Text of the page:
WE RECALL things by their associates. When you set your mind to remember any particular fact, your conscious effort should be not vaguely to will that it shall be impressed and retained, but analytically and deliberately to connect it with one or more other facts already in your mind.

The student who "crams" for an examination makes no permanent addition to his knowledge. There can be no recall without association, and "cramming" allows no time to form associations.

If you find it difficult to remember a fact or a name, do not waste your energies in "willing" it to return. Try to recall some other fact or name associated with the first in time or place or otherwise, and lo! when you least expect it, it will pop into your thoughts.

If your memory is good in most respects, but poor in a particular line, it is because you do not interest yourself in that line, and therefore have no material for association. Blind Tom's memory was a blank on most subjects, but he was a walking encyclopedia on music.

To improve your memory you must increase the number and variety of your mental associations.

Many ingenious methods, scientifically correct, have been devised to aid in the remembering of particular facts. These methods are based wholly on the principle that that is most easily recalled which is associated in our minds with the most complex and elaborate groupings of related ideas.

Thus, Pick, in "Memory and Its Doctors," among other devices, presents a well-known "figure-alphabet" as of aid in remembering numbers. Each figure of the Arabic notation is represented by one or more letters, and the number to be recalled is translated into such letters as can best be arranged into a catch word or phrase. To quote: "The most common figure-alphabet is this:

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"To briefly show its use, suppose it is desired to fix 1,142 feet in a second as the velocity of sound, t, t, r, n, are the letters and order required. Fill up with vowels forming a phrase like 'tight run' and connect it by some such flight of the imagination as that if a man tried to keep up with the velocity of sound, he would have a 'tight run.' "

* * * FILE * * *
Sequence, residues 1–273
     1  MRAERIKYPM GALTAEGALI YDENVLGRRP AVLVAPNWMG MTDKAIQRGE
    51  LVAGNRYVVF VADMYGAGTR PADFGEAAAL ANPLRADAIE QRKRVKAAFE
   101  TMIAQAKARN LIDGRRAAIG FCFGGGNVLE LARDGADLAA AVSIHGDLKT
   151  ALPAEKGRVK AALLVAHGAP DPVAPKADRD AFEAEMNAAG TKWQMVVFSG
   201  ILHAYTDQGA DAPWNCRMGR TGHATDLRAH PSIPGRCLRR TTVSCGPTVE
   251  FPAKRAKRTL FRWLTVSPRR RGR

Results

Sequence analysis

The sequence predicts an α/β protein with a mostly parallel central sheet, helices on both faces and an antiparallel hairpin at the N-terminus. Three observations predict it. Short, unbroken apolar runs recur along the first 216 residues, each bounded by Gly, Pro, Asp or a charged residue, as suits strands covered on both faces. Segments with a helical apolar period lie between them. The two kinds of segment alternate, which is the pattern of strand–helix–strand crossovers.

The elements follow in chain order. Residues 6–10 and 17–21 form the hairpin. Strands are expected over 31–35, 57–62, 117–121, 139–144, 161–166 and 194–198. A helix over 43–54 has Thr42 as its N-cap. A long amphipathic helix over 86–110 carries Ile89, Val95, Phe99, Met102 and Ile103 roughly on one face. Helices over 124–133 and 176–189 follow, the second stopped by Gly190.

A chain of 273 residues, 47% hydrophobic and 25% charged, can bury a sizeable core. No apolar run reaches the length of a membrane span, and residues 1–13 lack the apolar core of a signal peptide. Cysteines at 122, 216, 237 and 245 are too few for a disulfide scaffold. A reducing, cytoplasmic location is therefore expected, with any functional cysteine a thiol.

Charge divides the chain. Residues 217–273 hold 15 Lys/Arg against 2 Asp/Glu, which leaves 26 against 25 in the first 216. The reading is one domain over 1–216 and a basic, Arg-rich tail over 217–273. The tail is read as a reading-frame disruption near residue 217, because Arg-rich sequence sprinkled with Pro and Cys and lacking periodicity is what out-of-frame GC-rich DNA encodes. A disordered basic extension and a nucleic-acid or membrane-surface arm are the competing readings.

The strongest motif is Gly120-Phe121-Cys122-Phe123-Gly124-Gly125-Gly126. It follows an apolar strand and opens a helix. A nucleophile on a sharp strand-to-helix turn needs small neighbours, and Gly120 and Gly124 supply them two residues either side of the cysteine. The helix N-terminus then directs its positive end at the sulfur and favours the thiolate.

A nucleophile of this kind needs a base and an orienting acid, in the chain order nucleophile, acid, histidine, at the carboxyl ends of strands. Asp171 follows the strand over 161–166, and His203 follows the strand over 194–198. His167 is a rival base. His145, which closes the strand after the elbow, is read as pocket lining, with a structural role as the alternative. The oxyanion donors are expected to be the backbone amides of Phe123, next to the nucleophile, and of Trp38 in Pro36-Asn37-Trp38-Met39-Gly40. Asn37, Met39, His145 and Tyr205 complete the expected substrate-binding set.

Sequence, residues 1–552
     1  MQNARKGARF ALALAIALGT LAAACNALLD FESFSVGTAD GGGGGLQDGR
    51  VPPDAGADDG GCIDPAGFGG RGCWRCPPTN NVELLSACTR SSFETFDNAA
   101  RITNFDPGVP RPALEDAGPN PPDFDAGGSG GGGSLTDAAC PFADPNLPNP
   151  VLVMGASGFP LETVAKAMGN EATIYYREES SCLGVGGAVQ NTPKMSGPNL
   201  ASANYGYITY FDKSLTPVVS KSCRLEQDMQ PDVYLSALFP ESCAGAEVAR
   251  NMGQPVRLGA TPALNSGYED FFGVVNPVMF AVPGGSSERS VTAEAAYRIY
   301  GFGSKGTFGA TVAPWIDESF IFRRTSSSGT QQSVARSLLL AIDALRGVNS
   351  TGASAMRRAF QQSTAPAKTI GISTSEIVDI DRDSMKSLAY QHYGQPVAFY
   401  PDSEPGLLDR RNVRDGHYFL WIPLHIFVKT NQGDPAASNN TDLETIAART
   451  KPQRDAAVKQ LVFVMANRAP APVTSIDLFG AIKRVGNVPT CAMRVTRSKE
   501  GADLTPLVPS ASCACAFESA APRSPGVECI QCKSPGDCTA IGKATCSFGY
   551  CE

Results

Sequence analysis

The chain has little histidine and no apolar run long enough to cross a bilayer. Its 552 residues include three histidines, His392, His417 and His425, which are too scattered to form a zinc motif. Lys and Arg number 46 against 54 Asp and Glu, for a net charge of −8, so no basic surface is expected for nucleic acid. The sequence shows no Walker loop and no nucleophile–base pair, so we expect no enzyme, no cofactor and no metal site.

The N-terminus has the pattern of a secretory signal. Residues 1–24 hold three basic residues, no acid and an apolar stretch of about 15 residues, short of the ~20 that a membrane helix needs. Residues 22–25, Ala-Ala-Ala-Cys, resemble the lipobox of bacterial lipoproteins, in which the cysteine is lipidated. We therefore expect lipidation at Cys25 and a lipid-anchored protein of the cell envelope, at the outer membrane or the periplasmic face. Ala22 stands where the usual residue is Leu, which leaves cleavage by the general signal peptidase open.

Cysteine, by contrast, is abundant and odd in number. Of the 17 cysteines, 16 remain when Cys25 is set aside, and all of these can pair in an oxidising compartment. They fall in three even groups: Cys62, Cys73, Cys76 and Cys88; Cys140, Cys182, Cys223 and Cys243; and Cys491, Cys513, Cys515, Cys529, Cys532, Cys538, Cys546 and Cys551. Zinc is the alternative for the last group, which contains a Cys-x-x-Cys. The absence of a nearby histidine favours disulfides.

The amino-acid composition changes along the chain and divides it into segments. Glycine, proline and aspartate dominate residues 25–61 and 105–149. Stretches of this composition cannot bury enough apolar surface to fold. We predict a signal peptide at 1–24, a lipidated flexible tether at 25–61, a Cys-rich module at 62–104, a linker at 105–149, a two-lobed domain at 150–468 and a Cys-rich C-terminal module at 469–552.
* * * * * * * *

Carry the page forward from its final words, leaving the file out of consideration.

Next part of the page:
The same principle is at the basis of all efficient pedagogy. The competent teacher endeavors by some association of ideas to link every new fact with those facts which the pupil already has acquired.

In the pursuit of this method the teacher will "compare all that is far off and foreign to something that is near home, making the unknown plain by the example of the known, and connecting all the instruction with the personal experience of the pupil - if the teacher is to explain the distance of the sun from the earth, let him ask, 'If anyone there in the sun fired off a cannon straight at you, what should you do?' 'Get out of the way,' would be the answer. 'No need of that,' the teacher might reply; 'you may quietly go to sleep in your room and get up again; you may wait till your confirmation day, you may learn a trade, and grow as old as I am - then only will the cannon-ball be getting near, then you may jump to one side! See, so great as that is the sun's distance!' "

We shall now show you how to apply this principle in improving your memory and in making a more complete use of your really vast store of knowledge.